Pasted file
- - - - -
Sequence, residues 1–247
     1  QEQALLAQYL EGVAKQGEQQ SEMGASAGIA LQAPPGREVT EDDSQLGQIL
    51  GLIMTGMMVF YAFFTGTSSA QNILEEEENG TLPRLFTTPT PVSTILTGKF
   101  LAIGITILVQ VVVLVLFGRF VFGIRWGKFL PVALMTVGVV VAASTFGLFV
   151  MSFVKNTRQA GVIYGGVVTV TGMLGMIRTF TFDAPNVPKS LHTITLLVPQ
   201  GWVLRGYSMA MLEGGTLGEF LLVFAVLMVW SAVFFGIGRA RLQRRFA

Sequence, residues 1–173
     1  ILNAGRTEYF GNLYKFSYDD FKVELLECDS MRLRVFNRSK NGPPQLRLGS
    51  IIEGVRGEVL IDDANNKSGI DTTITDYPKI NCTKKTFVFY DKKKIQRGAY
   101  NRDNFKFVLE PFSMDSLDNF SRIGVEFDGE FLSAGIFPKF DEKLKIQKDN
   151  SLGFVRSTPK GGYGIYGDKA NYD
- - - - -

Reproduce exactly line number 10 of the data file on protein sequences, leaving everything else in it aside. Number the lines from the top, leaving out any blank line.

   101  NRDNFKFVLE PFSMDSLDNF SRIGVEFDGE FLSAGIFPKF DEKLKIQKDN